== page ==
German workers adjust to retirement plans without guarantees

Germany, like the U.S., has a retirement plan coverage problem. A new law, for the first time, allows employers and workers to set up U.S.-style defined contribution plans. But the plans lack the guarantees to which German workers are accustomed.

Like the U.S., Germany is struggling to expand the coverage ratio of workplace retirement plans. An estimated 43% of German workers work in companies that don’t offer either a defined benefit or defined contribution pension. They face retirement with only the state pension, which is gradually shrinking.

A new German labor law (the “Betriebsrentenstärkungsgesetz,” or BRSG), effective January 1, addresses that problem by allowing unions and employers to set up US-style defined contribution plans. The plans are easy to set up, but offer no investment guarantees for workers or income guarantees for retirees. For workers accustomed to defined benefit plans, that feels uncomfortable.

There’s no question that Germany needs more workplace plans. Only a third (34%) of Germans between ages 14 to 29 say they trust the state pension to provide enough for them in retirement, but 61% have faith in workplace pension plans, according to a November survey by Germany’s largest multi-employer pension plan, MetallRente.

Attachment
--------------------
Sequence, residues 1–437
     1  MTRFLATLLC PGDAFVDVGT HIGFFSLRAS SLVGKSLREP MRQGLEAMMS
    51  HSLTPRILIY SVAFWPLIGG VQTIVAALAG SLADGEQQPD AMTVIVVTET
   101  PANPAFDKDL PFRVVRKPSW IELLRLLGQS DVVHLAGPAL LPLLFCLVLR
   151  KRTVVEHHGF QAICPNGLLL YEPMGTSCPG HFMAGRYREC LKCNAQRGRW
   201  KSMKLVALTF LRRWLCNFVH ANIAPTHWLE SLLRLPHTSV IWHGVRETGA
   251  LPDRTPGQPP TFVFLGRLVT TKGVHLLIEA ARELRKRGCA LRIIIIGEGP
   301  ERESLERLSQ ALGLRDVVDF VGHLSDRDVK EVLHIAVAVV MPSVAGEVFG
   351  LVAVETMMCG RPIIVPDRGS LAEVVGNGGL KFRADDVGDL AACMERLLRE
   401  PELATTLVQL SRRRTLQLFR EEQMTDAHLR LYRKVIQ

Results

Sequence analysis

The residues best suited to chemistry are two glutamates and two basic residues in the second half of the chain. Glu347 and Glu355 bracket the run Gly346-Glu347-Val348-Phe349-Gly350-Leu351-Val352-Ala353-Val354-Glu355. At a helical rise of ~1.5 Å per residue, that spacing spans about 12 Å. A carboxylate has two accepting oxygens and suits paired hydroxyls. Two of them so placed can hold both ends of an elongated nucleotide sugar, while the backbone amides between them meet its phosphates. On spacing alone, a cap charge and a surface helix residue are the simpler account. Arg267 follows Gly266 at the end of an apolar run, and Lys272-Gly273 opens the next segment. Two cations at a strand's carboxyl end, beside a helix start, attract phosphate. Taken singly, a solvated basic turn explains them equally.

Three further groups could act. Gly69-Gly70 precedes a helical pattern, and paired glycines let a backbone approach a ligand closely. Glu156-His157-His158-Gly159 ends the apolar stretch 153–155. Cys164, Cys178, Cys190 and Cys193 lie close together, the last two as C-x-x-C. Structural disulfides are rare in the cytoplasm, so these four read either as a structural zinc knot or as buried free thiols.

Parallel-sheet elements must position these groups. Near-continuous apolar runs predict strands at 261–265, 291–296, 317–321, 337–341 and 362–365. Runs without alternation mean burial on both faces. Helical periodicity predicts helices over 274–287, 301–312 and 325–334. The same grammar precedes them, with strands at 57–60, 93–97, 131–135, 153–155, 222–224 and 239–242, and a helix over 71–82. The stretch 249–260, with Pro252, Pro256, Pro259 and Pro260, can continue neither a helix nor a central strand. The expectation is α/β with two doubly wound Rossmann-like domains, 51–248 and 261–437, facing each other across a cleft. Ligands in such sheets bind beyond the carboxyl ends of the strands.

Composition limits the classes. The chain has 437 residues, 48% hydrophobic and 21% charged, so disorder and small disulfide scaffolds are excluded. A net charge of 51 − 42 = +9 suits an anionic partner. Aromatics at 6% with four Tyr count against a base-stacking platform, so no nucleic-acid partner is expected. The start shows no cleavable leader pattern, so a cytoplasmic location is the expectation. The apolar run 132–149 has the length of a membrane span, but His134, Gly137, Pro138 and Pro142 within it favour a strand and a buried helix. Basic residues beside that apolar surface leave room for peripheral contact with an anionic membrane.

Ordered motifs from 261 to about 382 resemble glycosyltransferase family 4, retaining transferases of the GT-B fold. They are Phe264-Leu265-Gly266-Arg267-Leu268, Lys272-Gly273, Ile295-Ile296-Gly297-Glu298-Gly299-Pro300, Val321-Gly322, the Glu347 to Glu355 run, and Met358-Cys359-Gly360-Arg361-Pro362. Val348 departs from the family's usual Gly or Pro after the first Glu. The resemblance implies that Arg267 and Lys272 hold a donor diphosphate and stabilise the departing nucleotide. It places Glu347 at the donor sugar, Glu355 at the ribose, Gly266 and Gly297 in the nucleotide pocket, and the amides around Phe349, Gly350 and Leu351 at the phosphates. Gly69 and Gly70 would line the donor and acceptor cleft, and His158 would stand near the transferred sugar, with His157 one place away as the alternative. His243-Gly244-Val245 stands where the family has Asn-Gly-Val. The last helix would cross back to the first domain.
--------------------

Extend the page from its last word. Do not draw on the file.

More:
Among the 1,000 surveyed individuals of all age groups, 48% trusted the state pension and 56% trusted occupational pensions. The survey also provided a boost for Germany’s new pension law, the BRSG, which came into effect on 1 January.

Just over half of the young people surveyed trusted pension plans that were set up jointly by employers and employee representatives, known as the Tarifparteien. Under the BRSG, the Tarifparteien of each industry can now set up pension plans without guarantees but with a “defined ambition” goal.

The new law represents the first time German law has supported pension funds without guaranteed retirement incomes. For that reason, the new law was and remains extremely controversial within the trade unions, according to a bulletin from the European Social Policy Network (ESPN), part of the European Commission, published last July.

Attitudes towards defined contribution plans vary considerably among Germans workers, who just now adjusting to the shift in pension risk to workers from employers.

“On the one hand, the exclusion of any performance guarantees may expand the investment opportunities in global stock markets in a low-interest rate environment. On the other hand, employees have no certainty about the eventual value of their occupational pensions. Even the risk of losses cannot be excluded,” the ESPN bulletin said.

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